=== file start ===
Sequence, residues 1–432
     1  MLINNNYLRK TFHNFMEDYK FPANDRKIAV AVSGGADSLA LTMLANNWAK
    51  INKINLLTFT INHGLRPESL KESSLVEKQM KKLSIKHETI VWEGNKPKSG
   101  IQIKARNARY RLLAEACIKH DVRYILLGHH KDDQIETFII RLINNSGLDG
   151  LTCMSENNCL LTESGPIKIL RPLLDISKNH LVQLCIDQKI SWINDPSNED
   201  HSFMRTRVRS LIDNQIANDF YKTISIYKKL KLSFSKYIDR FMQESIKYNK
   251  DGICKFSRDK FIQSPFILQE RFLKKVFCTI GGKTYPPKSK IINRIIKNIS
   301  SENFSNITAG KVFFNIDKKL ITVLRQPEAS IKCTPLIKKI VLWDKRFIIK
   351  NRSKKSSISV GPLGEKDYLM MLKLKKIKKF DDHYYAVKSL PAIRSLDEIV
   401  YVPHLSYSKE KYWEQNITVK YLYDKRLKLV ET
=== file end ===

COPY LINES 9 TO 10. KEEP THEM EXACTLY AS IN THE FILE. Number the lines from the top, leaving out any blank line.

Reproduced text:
   351  NRSKKSSISV GPLGEKDYLM MLKLKKIKKF DDHYYAVKSL PAIRSLDEIV
   401  YVPHLSYSKE KYWEQNITVK YLYDKRLKLV ET